Due to the COVID-19 pandemic, the cash flow of your business has diminished or all but disappeared. You do not know if your business will survive the pandemic and resume normal operations. In an effort to replace the revenue your business has lost, you filed a claim for business interruption losses with your business’ insurance company. Within a very short period of time, the insurance company denies your business’ claim on the basis that the Coronavirus did not cause physical damage or loss to your business premises and/or because of a virus coverage exclusion in your insurance policy. You are left wondering how could the insurance company have made a decision so quickly and how is that decision fair?
If your business interruption claim is denied, what should be your next step?
The simple answer is to have your business interruption insurance policy (BI Policy) reviewed by an attorney who is experienced with, and knowledgeable about, interpreting such insurance policies because there could be reasons why the denial of coverage is an erroneous decision.
What is an example of a reason why coverage should be provided?
The language in just about every BI Policy which triggers the provision or denial of coverage is, “physical damage to or physical loss of” the business premises. In other words, a covered peril must cause physical damage to or loss of the business premises. Insurance companies, almost uniformly and in a “knee-jerk” fashion are denying BI claims on the basis that COVID-19 did not cause any physical damage to the business premises, while they uniformly disregard the fact that COVID-19 and the governmentally-imposed stay-at home orders have made the business premises inaccessible, thereby causing a loss of use of the business premises which, arguably, satisfies the definition of “physical loss”.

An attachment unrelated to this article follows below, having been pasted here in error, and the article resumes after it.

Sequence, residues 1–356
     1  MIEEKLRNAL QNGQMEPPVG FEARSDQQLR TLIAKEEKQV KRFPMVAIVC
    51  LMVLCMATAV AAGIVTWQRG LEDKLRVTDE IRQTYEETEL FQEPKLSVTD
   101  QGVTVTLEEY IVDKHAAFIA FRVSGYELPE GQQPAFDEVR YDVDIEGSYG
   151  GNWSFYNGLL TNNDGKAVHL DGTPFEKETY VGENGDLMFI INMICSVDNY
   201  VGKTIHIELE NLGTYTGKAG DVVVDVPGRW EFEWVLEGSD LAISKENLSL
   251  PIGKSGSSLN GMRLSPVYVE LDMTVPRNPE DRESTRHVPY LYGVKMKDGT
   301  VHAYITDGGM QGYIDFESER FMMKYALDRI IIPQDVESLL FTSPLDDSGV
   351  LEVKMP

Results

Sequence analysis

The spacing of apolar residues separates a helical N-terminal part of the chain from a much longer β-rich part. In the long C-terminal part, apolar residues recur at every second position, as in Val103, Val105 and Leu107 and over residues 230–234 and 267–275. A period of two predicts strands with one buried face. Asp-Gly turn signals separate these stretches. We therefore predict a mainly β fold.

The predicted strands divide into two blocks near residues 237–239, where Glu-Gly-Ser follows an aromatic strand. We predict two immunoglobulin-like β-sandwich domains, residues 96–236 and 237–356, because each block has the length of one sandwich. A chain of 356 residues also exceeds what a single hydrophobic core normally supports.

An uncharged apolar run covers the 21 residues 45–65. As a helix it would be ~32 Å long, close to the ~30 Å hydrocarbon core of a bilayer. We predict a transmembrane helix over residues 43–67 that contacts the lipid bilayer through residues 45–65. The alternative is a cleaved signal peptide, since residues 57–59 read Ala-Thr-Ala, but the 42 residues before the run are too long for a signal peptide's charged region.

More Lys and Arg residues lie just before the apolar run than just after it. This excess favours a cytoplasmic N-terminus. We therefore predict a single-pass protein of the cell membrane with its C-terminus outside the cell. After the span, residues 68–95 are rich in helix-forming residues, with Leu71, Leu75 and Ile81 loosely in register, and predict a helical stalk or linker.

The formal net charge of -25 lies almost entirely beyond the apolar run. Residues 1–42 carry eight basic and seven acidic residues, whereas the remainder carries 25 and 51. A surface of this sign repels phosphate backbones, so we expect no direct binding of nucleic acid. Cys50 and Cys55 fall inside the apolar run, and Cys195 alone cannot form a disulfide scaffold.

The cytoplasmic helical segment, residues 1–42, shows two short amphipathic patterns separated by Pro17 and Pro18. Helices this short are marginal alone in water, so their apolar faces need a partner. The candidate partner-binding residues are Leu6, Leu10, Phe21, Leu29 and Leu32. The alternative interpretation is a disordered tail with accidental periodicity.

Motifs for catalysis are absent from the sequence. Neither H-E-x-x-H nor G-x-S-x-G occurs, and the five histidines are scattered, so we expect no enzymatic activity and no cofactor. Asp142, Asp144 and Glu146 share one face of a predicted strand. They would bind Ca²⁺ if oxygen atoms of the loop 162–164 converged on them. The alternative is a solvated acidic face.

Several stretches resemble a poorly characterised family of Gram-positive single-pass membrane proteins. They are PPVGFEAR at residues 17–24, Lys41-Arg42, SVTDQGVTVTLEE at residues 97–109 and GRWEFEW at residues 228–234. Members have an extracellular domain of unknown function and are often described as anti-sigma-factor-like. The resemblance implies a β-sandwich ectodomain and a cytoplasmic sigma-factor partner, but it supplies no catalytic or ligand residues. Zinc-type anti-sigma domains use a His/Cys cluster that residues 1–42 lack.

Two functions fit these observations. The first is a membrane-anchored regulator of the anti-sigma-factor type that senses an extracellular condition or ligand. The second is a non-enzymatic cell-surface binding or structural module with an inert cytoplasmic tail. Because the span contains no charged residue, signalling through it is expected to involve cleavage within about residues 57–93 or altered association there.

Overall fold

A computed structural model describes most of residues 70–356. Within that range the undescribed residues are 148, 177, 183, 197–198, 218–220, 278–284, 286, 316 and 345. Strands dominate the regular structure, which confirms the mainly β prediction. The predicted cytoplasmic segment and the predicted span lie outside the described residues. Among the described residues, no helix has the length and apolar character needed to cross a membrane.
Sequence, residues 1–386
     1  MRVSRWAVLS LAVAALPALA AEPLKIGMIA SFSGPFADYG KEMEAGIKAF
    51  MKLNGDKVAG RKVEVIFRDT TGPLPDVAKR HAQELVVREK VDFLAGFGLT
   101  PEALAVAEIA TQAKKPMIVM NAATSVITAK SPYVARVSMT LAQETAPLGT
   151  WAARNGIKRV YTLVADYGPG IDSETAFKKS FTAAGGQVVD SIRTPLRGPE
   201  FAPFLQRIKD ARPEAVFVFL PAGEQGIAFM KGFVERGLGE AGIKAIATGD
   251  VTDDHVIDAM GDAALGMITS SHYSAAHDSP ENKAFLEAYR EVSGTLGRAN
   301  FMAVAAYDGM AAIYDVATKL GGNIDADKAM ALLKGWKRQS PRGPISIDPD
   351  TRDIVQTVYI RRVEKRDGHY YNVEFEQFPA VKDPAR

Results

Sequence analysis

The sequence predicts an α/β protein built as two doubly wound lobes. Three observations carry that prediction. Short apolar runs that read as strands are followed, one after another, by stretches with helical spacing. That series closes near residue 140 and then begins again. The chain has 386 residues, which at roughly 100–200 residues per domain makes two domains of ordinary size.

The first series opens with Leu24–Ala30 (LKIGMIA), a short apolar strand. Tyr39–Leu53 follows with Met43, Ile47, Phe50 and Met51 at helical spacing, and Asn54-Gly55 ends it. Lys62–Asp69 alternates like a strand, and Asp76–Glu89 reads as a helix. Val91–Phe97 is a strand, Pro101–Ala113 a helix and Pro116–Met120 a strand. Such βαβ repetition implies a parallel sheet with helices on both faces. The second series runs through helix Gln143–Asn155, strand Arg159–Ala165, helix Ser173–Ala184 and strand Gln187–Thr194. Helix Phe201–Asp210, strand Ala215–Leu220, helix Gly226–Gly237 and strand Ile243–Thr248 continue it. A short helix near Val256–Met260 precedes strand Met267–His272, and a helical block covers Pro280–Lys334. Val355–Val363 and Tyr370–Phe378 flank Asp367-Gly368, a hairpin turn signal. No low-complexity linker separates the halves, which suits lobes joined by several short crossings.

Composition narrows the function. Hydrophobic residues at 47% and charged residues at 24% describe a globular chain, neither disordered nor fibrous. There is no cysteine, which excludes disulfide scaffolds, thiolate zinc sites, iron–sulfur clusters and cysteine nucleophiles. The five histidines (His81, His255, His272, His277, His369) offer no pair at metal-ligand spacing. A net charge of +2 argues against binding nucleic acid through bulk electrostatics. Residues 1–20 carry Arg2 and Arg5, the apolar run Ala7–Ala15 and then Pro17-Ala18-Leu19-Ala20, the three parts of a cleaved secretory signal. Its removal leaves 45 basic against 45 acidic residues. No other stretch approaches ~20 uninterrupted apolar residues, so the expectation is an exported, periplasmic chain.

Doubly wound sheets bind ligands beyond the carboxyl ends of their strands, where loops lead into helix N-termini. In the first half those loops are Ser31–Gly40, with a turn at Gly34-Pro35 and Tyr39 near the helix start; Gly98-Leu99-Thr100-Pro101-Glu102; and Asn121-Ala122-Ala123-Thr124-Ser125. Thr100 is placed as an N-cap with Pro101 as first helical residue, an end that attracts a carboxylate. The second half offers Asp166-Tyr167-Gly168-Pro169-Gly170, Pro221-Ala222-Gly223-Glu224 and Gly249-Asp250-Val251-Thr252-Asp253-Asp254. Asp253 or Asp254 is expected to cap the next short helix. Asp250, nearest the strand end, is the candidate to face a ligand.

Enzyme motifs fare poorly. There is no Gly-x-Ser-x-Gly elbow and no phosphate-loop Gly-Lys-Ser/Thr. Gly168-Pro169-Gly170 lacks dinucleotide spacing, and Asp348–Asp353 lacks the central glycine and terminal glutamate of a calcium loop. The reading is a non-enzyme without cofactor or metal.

Can the Virus Exclusion in my BI Policy be overcome?
It is distinctly possible but only in the hands of a lawyer who understands the nuances of BI Policy interpretation and the burden of proof issues that will exist during any litigation over the BI Policy terms.
What should I do if my BI Policy claim has been denied and I want to challenge the denial?
You should retain an attorney to file a Declaratory Judgment action with the court for the purpose of having a judge determine whether or not insurance coverage should be afforded by your insurance company.
What are my business’ chances for success with a litigated BI Claim?
Chances for success in litigation are dependent in large part on an analysis of the terms of your particular BI Policy. While there are common features and terms in most BI policies, each policy is written somewhat differently, which is why a careful, thoughtful analysis of the terms of each policy is indispensable to an outcome analysis.
Who should I contact?
Bob Nemeroff, Esq. of Friedman Schuman, P.C., has many years of experience with insurance contract interpretation litigation. He is currently accepting a limited number of business insurance litigation claims on a contingent fee basis depending upon an initial review of the BI Policy terms and an analysis of your business’ chances for success in court. Bob can be reached at 215-690-3827 or email@example.com.
Please do not be discouraged by the denial of coverage from your business interruption insurance company. Your insurance company’s decision is not the last authoritative word on the subject. You have legal recourse.